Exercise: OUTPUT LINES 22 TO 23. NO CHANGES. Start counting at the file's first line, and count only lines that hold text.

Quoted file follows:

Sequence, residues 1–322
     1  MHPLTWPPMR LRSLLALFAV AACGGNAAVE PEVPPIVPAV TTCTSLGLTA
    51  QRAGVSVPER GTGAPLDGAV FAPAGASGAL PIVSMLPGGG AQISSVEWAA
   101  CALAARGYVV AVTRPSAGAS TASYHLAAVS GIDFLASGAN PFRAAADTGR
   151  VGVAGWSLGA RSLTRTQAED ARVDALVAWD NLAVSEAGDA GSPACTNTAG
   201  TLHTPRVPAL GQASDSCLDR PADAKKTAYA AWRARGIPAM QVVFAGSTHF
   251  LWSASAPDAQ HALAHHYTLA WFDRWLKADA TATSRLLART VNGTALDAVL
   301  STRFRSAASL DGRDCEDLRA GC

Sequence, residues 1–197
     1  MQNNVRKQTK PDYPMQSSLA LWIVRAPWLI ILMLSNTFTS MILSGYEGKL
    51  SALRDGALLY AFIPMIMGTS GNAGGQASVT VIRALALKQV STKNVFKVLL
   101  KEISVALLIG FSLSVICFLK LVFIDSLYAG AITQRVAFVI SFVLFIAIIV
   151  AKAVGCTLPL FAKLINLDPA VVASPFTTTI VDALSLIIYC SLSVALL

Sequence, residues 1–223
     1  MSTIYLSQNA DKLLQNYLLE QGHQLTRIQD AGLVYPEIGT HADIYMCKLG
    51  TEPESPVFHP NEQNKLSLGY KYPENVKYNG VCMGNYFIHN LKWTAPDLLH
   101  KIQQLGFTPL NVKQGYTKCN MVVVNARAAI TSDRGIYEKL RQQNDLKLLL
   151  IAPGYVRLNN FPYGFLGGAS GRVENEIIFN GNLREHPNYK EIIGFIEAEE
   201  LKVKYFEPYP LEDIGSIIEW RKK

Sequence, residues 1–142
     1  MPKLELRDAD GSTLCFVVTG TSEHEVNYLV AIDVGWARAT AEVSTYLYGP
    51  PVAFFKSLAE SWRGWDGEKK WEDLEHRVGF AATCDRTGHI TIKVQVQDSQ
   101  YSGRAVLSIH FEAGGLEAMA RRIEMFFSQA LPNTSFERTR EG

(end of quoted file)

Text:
    51  PVAFFKSLAE SWRGWDGEKK WEDLEHRVGF AATCDRTGHI TIKVQVQDSQ
   101  YSGRAVLSIH FEAGGLEAMA RRIEMFFSQA LPNTSFERTR EG